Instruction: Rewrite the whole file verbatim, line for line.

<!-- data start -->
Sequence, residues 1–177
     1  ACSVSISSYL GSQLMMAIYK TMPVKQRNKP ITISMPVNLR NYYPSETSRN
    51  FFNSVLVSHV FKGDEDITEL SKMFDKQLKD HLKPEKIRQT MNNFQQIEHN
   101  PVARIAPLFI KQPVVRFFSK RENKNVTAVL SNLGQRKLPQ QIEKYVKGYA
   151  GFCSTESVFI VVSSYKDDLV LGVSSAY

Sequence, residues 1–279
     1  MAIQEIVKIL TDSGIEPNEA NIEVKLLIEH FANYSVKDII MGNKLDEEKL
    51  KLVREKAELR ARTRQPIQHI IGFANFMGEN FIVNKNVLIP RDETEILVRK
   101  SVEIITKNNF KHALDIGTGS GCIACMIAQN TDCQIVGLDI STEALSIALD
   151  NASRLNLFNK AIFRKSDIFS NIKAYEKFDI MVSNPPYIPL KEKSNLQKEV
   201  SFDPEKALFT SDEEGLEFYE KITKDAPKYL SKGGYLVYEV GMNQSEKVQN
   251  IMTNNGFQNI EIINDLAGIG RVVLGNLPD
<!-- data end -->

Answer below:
Sequence, residues 1–177
     1  ACSVSISSYL GSQLMMAIYK TMPVKQRNKP ITISMPVNLR NYYPSETSRN
    51  FFNSVLVSHV FKGDEDITEL SKMFDKQLKD HLKPEKIRQT MNNFQQIEHN
   101  PVARIAPLFI KQPVVRFFSK RENKNVTAVL SNLGQRKLPQ QIEKYVKGYA
   151  GFCSTESVFI VVSSYKDDLV LGVSSAY

Sequence, residues 1–279
     1  MAIQEIVKIL TDSGIEPNEA NIEVKLLIEH FANYSVKDII MGNKLDEEKL
    51  KLVREKAELR ARTRQPIQHI IGFANFMGEN FIVNKNVLIP RDETEILVRK
   101  SVEIITKNNF KHALDIGTGS GCIACMIAQN TDCQIVGLDI STEALSIALD
   151  NASRLNLFNK AIFRKSDIFS NIKAYEKFDI MVSNPPYIPL KEKSNLQKEV
   201  SFDPEKALFT SDEEGLEFYE KITKDAPKYL SKGGYLVYEV GMNQSEKVQN
   251  IMTNNGFQNI EIINDLAGIG RVVLGNLPD